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The Political Value of Life

 
Written by Joe Pettit

(Previously published as a Baltimore Sun Op-Ed titled, “Government should assign equal value to all human life,” December 25th, 2005, p.30A).

While many people think of governments in terms of wasteful bureaucracies and windbag politicians, recent events have reminded us that they are also places where life-and-death decisions are made.

Yet wars and executions are only the most obvious manifestations of the lethal and life-giving powers of government.  Winter shelters for the homeless, treatment facilities for drug addicts, access to health care and the procedures at detention facilities are other recent, but less obvious, issues for our national and local governments that have had life-and-death consequences.

Politicians do more than pass laws and spend tax dollars.  They are also enabled, in the language of our Constitution, “to promote the general welfare, and secure the blessings of liberty.”  Human welfare and liberty are expressions of human life, and we understand what we it means to promote and secure them when we know what it means to value human life.  Unfortunately, we are not very good at talking about the value of human life publicly and politically.

Consider the debate over the recent execution in California of convicted murderer Stanley “Tookie” Williams.  In this case, death and life were reduced to a debate over merit.  The victims of the crimes clearly did not deserve death, and those who supported Mr. Williams and those who endorsed his execution made their cases in terms of whether or not Mr. Williams deserved to live or die.  But life presents itself as plenitude and possibility, not justice.  Our great religions speak of life as a gift.  This gift was taken from the victims of the crimes, and it was taken from Mr. Williams.

Both sides of the debate used the language of redemption.  This language is unfortunate because it implies that the worth of human life can change depending on the character of the life in question.  This is a hierarchical understanding of human worth.  Once accepted, the idea that different human lives are of different value provides the foundation for all of the worst expressions of human life and government, including bigotry, slavery, abuse, exploitation and war.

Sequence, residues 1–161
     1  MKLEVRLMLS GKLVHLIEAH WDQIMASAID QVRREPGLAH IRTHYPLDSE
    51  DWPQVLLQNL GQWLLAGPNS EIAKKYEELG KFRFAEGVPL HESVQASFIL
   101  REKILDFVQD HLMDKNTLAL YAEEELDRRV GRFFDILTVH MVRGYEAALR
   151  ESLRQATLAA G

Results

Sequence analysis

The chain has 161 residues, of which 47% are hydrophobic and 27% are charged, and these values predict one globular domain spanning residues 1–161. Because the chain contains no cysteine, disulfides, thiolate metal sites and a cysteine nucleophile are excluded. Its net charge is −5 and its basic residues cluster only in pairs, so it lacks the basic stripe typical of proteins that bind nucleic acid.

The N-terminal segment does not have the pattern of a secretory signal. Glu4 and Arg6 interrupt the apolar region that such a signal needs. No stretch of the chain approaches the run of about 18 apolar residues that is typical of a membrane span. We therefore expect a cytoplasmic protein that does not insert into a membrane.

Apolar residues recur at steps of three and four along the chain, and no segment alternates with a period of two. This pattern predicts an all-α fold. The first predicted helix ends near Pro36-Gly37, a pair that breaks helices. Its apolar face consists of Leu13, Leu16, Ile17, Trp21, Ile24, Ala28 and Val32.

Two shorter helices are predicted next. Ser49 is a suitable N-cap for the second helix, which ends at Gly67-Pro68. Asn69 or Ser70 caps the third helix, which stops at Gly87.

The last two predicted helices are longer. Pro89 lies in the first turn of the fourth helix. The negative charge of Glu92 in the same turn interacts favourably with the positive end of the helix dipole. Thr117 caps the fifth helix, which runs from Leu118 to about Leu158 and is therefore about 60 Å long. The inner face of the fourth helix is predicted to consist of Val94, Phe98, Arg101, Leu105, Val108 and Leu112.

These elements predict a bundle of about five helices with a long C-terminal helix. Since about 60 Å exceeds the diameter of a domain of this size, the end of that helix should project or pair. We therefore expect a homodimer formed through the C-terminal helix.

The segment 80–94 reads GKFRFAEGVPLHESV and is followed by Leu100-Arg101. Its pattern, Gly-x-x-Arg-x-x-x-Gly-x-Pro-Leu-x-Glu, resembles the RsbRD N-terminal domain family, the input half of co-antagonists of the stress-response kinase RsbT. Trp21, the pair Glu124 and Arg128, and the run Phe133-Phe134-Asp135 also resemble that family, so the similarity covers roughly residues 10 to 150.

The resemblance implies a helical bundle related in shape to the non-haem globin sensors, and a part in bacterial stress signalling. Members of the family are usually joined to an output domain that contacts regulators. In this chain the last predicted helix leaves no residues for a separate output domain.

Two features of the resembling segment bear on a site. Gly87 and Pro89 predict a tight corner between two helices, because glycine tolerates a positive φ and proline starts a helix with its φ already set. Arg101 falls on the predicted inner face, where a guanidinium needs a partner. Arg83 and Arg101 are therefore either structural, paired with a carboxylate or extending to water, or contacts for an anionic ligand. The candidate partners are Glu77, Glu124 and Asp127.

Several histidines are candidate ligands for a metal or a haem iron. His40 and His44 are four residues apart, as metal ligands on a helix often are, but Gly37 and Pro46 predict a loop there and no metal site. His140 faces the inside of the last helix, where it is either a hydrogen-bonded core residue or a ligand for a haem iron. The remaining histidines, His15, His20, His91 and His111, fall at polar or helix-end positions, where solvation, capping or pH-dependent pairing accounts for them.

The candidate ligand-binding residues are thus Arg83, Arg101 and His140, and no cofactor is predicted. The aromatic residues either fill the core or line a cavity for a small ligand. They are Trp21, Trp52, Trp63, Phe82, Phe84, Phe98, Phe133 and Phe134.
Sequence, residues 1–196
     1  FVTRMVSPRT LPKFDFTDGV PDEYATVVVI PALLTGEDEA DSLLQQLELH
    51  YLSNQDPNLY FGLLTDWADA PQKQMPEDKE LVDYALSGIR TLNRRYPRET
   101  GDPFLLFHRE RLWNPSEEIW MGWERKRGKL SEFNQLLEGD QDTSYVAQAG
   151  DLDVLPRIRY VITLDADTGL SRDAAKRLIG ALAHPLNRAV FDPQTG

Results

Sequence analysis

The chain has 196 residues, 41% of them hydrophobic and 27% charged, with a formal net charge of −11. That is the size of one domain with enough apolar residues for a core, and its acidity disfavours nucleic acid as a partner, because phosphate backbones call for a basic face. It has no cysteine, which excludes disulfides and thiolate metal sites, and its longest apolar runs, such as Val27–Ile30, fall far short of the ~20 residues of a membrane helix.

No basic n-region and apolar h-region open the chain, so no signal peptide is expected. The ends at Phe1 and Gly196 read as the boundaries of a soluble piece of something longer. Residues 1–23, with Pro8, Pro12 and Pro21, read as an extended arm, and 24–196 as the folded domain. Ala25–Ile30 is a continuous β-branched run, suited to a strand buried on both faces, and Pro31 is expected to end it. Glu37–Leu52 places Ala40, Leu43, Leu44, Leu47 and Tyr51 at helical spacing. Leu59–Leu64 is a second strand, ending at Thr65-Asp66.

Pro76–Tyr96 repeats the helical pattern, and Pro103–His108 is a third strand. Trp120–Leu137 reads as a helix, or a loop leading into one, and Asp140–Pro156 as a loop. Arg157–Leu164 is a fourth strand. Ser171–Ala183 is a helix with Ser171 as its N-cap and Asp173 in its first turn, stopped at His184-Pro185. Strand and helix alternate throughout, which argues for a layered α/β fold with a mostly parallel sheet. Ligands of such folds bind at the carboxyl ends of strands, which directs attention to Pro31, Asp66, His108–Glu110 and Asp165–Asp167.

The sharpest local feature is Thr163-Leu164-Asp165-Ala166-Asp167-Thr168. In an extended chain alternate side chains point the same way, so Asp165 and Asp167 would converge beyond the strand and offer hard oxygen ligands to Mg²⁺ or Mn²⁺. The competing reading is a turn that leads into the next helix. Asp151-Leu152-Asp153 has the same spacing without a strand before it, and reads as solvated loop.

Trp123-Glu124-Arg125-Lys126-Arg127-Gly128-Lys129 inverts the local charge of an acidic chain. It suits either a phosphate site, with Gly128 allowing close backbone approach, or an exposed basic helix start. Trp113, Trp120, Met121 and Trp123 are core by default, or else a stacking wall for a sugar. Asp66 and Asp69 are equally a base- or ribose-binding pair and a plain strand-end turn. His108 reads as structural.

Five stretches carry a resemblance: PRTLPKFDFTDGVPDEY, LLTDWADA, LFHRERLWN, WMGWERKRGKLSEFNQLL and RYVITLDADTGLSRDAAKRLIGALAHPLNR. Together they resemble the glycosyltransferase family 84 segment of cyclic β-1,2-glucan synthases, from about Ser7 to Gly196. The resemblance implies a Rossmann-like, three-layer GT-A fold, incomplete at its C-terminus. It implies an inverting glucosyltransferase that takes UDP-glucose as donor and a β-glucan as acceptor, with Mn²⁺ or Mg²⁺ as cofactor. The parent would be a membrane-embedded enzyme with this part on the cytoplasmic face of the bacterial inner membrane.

Standing against the idea that some human lives are more valuable than others is the claim that human life itself is of extraordinary value.  Therefore, the worth of every human life is equal, simply because each life is human.  Many religious traditions affirm this understanding of human life.  Human life is in the “image of God,” or it has within it, “Buddha nature,” more valuable than a wish-fulfilling jewel.  The religious position allows us to judge actions but not individuals.  We can call this the radical understanding of human worth.

The religious position is radical because it means my real worth has nothing to do with my net worth, nor can I forfeit my worth through failure.  It means that even if the worst characterizations of Mr. Williams are true, his worth as a person is no less than mine.

Most of us are not ready to accept this very challenging idea of human worth.  We prefer the hierarchical model, and we reflect it in our politics.  We pay property taxes to educate children in our school district, but not children in other districts.  We offer welfare to families but not to individuals without children.  We invest in businesses but not drug addicts.  We do not worry about the conditions in prisons or jails because those who inhabit them are just not worth our care.

Our governments are at their best, however, when they follow the radical insight into human value.  Democracy insists that no person or group is more valuable than another.  Therefore, government must be of, by, and for all of the people, and not just some of them.

The United States, as many of its citizens, is in need of redemption as it struggles to live up to the democratic ideal.  But redemption is not about life or government regaining a value that it had lost.  Rather, it occurs when the extraordinary value and dignity of all human life and the many ways that we violate this dignity are at last understood.